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Quarterly Data on the Categories and Causes of Bank Distress During the Great Depression

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  • Gary Richardson

Abstract

During the contraction from 1929 through 1933, the Federal Reserve System tracked changes in the status of all banks operating in the United States and determined the cause of each bank suspension. This essay introduces quarterly series derived from that hitherto dormant data and presents aggregate series constructed from it. The new data series will supplement, and in some cases, supplant the data currently used to study banking panics of the Great Depression, which was published by the Federal Reserve Board of Governors in 1937.

Suggested Citation

  • Gary Richardson, 2006. "Quarterly Data on the Categories and Causes of Bank Distress During the Great Depression," NBER Working Papers 12715, National Bureau of Economic Research, Inc.
  • Handle: RePEc:nbr:nberwo:12715
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    References listed on IDEAS

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    1. Lucia, Joseph L., 1985. "The failure of the bank of United States: A reappraisal," Explorations in Economic History, Elsevier, vol. 22(4), pages 402-416, October.
    2. Christina D. Romer, 1993. "The Nation in Depression," Journal of Economic Perspectives, American Economic Association, vol. 7(2), pages 19-39, Spring.
    3. Bernanke, Ben S, 1983. "Nonmonetary Effects of the Financial Crisis in Propagation of the Great Depression," American Economic Review, American Economic Association, vol. 73(3), pages 257-276, June.
    4. Richardson, Gary, 2006. "Records of the Federal Reserve Board of Governors in Record Group 82 at the National Archives of the United States," Financial History Review, Cambridge University Press, vol. 13(01), pages 123-134, April.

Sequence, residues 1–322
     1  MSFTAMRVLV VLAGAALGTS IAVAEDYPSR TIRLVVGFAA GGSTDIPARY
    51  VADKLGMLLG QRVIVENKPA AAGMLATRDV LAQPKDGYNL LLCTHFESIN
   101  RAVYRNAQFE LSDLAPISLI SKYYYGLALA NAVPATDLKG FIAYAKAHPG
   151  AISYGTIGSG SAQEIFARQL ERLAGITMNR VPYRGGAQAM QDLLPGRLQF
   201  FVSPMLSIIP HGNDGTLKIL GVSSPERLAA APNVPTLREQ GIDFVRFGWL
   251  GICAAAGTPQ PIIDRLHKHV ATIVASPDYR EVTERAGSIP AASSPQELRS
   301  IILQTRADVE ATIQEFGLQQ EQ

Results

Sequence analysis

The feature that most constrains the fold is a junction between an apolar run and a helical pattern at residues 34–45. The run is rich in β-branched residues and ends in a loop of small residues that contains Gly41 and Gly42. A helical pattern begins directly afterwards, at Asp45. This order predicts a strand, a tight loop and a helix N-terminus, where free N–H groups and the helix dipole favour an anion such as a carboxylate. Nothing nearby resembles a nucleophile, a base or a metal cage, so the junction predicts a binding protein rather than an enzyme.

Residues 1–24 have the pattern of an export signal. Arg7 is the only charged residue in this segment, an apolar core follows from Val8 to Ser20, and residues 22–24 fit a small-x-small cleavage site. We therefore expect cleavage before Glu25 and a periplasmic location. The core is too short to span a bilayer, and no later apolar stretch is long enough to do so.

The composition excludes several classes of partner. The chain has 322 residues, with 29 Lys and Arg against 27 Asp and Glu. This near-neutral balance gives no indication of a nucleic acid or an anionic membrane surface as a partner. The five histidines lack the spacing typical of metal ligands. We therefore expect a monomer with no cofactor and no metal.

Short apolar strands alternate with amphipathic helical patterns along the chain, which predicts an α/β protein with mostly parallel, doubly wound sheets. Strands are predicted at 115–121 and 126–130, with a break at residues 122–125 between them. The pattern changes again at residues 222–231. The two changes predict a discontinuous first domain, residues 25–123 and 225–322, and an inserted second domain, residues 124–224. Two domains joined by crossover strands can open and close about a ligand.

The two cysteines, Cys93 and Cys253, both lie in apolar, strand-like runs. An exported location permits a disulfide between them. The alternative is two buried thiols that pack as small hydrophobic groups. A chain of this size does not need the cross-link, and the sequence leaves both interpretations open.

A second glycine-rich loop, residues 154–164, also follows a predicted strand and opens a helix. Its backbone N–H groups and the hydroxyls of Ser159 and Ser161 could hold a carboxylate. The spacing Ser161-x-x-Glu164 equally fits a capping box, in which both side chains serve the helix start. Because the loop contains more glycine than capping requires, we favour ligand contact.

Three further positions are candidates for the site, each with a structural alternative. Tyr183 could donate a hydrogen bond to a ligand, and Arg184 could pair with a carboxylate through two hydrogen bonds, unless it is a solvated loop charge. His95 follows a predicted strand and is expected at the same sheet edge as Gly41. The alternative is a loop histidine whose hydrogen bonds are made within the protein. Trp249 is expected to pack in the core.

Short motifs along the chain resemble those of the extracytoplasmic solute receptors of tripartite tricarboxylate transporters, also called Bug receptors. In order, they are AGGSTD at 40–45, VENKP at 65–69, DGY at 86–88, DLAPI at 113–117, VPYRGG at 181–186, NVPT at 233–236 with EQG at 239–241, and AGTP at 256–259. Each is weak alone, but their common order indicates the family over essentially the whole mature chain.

5. Meltzer, Allan H., 1976. "Monetary and other explanations of the start of the great depression," Journal of Monetary Economics, Elsevier, vol. 2(4), pages 455-471, November.
    6. Kris James Mitchener, 2004. "Bank Supervision, Regulation, and Instability During the Great Depression," NBER Working Papers 10475, National Bureau of Economic Research, Inc.
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    Cited by:

    1. Nanda, Ramana & Nicholas, Tom, 2014. "Did bank distress stifle innovation during the Great Depression?," Journal of Financial Economics, Elsevier, vol. 114(2), pages 273-292.
    2. Jonathan D. Rose, 2012. "The prolonged resolution of troubled real estate lenders during the 1930s," Finance and Economics Discussion Series 2012-31, Board of Governors of the Federal Reserve System (U.S.).
    3. Richardson, Gary & Van Horn, Patrick, 2009. "Intensified Regulatory Scrutiny and Bank Distress in New York City During the Great Depression," The Journal of Economic History, Cambridge University Press, vol. 69(02), pages 446-465, June.
    4. Gary Richardson & Patrick Van Horn, 2011. "In the Eye of a Storm: Manhattan's Money Center Banks During the International Financial Crisis of 1931," NBER Working Papers 17437, National Bureau of Economic Research, Inc.
    5. Nicolas L. Ziebarth, 2013. "Identifying the Effects of Bank Failures from a Natural Experiment in Mississippi during the Great Depression," American Economic Journal: Macroeconomics, American Economic Association, vol. 5(1), pages 81-101, January.
    6. Richardson, Gary, 2007. "Categories and causes of bank distress during the great depression, 1929-1933: The illiquidity versus insolvency debate revisited," Explorations in Economic History, Elsevier, vol. 44(4), pages 588-607, October.
    7. Jonathan D. Rose, 2014. "The Prolonged Resolution of Troubled Real Estate Lenders during the 1930s," NBER Chapters,in: Housing and Mortgage Markets in Historical Perspective, pages 245-284 National Bureau of Economic Research, Inc.

    More about this item

    JEL classification:

    • E0 - Macroeconomics and Monetary Economics - - General
    • E4 - Macroeconomics and Monetary Economics - - Money and Interest Rates
    • E44 - Macroeconomics and Monetary Economics - - Money and Interest Rates - - - Financial Markets and the Macroeconomy
    • N1 - Economic History - - Macroeconomics and Monetary Economics; Industrial Structure; Growth; Fluctuations
    • N12 - Economic History - - Macroeconomics and Monetary Economics; Industrial Structure; Growth; Fluctuations - - - U.S.; Canada: 1913-
    • N2 - Economic History - - Financial Markets and Institutions

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